Larger areas can be mechanically raked to raise the runners off the ground then mown.
It recovers from low intensity fires but high intensity fires will kill it.

Thresholds:

Eradication strategies:

This is difficult to control by hand weeding because stem fragments readily take root or break off. Disposal of stems from hand weeding often leads to new infestations where they are dropped in transport.
Best control has been achieved by spraying the weed until runoff with 50 g metribuzin(750g/kg) plus 25 mL Pulse® in 10 L water in spring (or 2.5 kg/ha metribuzin(750g/kg) plus 0.25% Pulse® for broadacre spraying). This herbicide is slow acting and it may take many months before the weed yellows and dies. Repeat in autumn and spring until the infestation has been reduced to a level where the last remnants can be removed by hand.
In open areas mow or cut the vines (after raking to lift the vines off the ground) in early to late spring and spray the regrowth with the above mixes.
Several applications about 6 months apart are usually required.
Control normally takes 2-3 years.
Glyphosate and metsulfuron are not very effective. Metribuzin has given much better long term control than the hormone herbicides like dicamba, Tordon, and Grazon.
Solarisation by laying sheets of clear plastic over small infestations for 4-6 months is sometimes used but regrowth usually requires herbicide treatment.
Hot fires provide some control.

Herbicide resistance:

None reported.

Biological Control:

Related plants:

Lesser Periwinkle (Vinca minor) has smaller flowers about 2.5 cm diameter and leaves that are tapered at both ends rather than rounded at the base.
White Periwinkle (Vinca alba)
It is in the same family as the toxic Oleander (Nerium)

Plants of similar appearance:

Madeira Vine (Anredera cordifolia)
Morning Glory (Ipomoea indica).
Wandering Jew (Tradescantia fluminensis)

References:

Auld, B.A. and Medd R.W. (1992). Weeds. An illustrated botanical guide to the weeds of Australia. (Inkata Press, Melbourne). P78. Photo.

Black, J.M. (1965). Flora of South Australia. (Government Printer, Adelaide, South Australia). P696. Diagram.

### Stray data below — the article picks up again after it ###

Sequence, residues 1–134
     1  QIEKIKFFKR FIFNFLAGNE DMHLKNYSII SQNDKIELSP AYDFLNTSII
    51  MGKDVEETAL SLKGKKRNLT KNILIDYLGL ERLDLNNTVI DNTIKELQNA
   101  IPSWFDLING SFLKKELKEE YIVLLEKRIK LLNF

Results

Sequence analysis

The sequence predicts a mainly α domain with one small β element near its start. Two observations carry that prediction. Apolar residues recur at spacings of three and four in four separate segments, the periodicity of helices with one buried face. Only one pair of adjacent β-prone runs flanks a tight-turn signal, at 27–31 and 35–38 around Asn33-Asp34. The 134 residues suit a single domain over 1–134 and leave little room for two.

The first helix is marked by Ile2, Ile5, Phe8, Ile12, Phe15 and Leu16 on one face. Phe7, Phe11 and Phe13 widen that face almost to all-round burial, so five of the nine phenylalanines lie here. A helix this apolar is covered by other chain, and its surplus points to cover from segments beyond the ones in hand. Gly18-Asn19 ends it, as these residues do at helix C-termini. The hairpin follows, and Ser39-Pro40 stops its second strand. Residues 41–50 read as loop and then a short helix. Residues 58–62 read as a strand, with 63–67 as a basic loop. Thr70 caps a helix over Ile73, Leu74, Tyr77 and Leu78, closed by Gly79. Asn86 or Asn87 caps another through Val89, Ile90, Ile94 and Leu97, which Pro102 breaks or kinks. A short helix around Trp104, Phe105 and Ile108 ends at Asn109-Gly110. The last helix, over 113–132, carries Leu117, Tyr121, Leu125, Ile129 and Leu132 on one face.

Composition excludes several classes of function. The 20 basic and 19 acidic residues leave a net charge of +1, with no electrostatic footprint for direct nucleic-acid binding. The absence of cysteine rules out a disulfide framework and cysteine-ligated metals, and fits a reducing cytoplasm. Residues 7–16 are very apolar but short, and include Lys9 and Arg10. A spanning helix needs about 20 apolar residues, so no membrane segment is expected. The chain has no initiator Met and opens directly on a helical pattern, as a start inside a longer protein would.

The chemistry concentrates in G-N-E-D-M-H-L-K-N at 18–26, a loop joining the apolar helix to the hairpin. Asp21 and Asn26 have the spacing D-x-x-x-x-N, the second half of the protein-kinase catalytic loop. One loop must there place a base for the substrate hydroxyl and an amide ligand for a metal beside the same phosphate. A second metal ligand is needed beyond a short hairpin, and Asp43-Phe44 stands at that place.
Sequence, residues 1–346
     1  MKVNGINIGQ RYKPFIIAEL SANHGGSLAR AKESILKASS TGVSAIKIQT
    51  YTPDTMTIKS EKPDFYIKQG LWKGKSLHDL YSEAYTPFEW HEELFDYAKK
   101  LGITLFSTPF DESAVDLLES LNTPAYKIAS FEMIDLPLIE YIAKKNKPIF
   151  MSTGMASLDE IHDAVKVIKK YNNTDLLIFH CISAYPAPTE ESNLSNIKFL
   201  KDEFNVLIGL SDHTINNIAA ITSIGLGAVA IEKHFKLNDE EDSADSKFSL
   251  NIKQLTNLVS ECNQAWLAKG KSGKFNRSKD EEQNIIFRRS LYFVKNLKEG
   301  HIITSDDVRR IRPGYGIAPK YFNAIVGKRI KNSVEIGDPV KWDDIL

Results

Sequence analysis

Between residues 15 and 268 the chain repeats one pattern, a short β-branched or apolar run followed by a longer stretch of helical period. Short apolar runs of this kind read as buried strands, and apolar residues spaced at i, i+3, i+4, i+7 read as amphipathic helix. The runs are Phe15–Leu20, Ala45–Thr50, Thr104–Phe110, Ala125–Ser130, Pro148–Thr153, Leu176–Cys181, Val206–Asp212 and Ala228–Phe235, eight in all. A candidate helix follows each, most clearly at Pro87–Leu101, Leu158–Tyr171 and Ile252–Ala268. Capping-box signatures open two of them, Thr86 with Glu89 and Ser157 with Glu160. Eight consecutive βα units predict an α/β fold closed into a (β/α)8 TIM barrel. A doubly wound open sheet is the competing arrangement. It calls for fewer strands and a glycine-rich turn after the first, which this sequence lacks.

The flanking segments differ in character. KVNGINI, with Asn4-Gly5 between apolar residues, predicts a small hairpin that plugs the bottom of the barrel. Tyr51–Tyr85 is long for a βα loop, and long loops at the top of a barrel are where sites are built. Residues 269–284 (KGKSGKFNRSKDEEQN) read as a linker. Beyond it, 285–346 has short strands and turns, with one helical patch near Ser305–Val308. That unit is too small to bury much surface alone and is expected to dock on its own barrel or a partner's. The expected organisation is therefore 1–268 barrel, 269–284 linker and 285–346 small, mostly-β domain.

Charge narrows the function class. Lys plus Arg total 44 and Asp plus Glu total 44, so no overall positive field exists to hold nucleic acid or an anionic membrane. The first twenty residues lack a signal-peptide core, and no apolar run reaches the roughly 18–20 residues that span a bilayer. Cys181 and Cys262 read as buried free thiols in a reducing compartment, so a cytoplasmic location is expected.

Blood, K. (2001). Environmental weeds: a field guide for SE Australia. (CH Jerram & Associates, Australia). P124-125. Photos.

Everist, S.L. (1974). Poisonous Plants of Australia. (Angus and Robertson, Sydney). P88.

Gardner, G.A. and Bennetts, H.W. (1956). The toxic plants of Western Australia. (West Australian Newspapers Ltd, Perth). P153.

Hussey, B.M.J., Keighery, G.J., Cousens, R.D., Dodd, J. and Lloyd, S.G. (1997). Western Weeds. A guide to the weeds of Western Australia. (Plant Protection Society of Western Australia, Perth, Western Australia). P84-85. Photo.

Harden, Gwen J. (1991). Flora of NSW. (Royal Botanic Gardens, Sydney). Volume 3. P518. Diagram.

Lamp, C. and Collet, F. (1990). A Field Guide to Weeds in Australia. (Inkata Press, Melbourne).

Lazarides, M. and Hince, B. (1993). CSIRO handbook of economic plants of Australia. (CSIRO, Melbourne). #1270.1.

Marchant, N.G., Wheeler, J.R., Rye, B.L., Bennett, E.M., Lander, N.S. and Macfarlane, T.D. (1987). Flora of the Perth Region. (Western Australian Herbarium, Department of Agriculture, Western Australia). P524.

McBarron, E.J. (1983). Poisonous plants. (Inkata Press, Melbourne). P32. Diagrams.

Moore, J.H. and Wheeler, J.R. (2002). Southern Weeds and their Control. Photos.

Muyt, A. (2001). Bush Invaders of South-East Australia: a guide to the identification and control of environmental weeds found in South East Australia. (R.G and F.J. Richardson, Australia). P153-154. Photos.

Randall, J.M. and Marinelli, J. (1996) Invasive Plants. (Brooklyn Botanic Gardens Inc. Brooklyn) P83.

Acknowledgments:

Collated by HerbiGuide. Phone 08 98444064 or www.herbiguide.com.au for more information.